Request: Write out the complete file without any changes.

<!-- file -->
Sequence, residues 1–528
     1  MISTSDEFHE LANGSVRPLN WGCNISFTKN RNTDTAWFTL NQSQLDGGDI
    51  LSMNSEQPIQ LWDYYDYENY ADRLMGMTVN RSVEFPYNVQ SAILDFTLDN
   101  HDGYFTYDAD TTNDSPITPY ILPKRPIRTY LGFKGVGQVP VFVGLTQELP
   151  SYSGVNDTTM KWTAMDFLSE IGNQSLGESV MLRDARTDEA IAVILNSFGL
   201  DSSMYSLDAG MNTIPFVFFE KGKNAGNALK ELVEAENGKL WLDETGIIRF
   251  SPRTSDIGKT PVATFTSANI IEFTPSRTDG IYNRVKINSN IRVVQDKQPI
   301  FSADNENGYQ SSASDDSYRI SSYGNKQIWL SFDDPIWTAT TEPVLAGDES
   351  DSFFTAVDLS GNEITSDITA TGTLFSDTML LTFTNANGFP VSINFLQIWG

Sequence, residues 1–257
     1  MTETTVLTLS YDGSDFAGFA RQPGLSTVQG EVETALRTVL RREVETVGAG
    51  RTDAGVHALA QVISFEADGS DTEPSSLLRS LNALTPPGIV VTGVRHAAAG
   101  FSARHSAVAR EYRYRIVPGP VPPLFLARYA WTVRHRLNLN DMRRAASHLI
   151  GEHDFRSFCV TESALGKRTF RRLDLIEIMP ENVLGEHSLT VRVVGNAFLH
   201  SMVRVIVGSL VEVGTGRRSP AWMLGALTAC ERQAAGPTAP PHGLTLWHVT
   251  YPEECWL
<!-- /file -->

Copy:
Sequence, residues 1–528
     1  MISTSDEFHE LANGSVRPLN WGCNISFTKN RNTDTAWFTL NQSQLDGGDI
    51  LSMNSEQPIQ LWDYYDYENY ADRLMGMTVN RSVEFPYNVQ SAILDFTLDN
   101  HDGYFTYDAD TTNDSPITPY ILPKRPIRTY LGFKGVGQVP VFVGLTQELP
   151  SYSGVNDTTM KWTAMDFLSE IGNQSLGESV MLRDARTDEA IAVILNSFGL
   201  DSSMYSLDAG MNTIPFVFFE KGKNAGNALK ELVEAENGKL WLDETGIIRF
   251  SPRTSDIGKT PVATFTSANI IEFTPSRTDG IYNRVKINSN IRVVQDKQPI
   301  FSADNENGYQ SSASDDSYRI SSYGNKQIWL SFDDPIWTAT TEPVLAGDES
   351  DSFFTAVDLS GNEITSDITA TGTLFSDTML LTFTNANGFP VSINFLQIWG

Sequence, residues 1–257
     1  MTETTVLTLS YDGSDFAGFA RQPGLSTVQG EVETALRTVL RREVETVGAG
    51  RTDAGVHALA QVISFEADGS DTEPSSLLRS LNALTPPGIV VTGVRHAAAG
   101  FSARHSAVAR EYRYRIVPGP VPPLFLARYA WTVRHRLNLN DMRRAASHLI
   151  GEHDFRSFCV TESALGKRTF RRLDLIEIMP ENVLGEHSLT VRVVGNAFLH
   201  SMVRVIVGSL VEVGTGRRSP AWMLGALTAC ERQAAGPTAP PHGLTLWHVT
   251  YPEECWL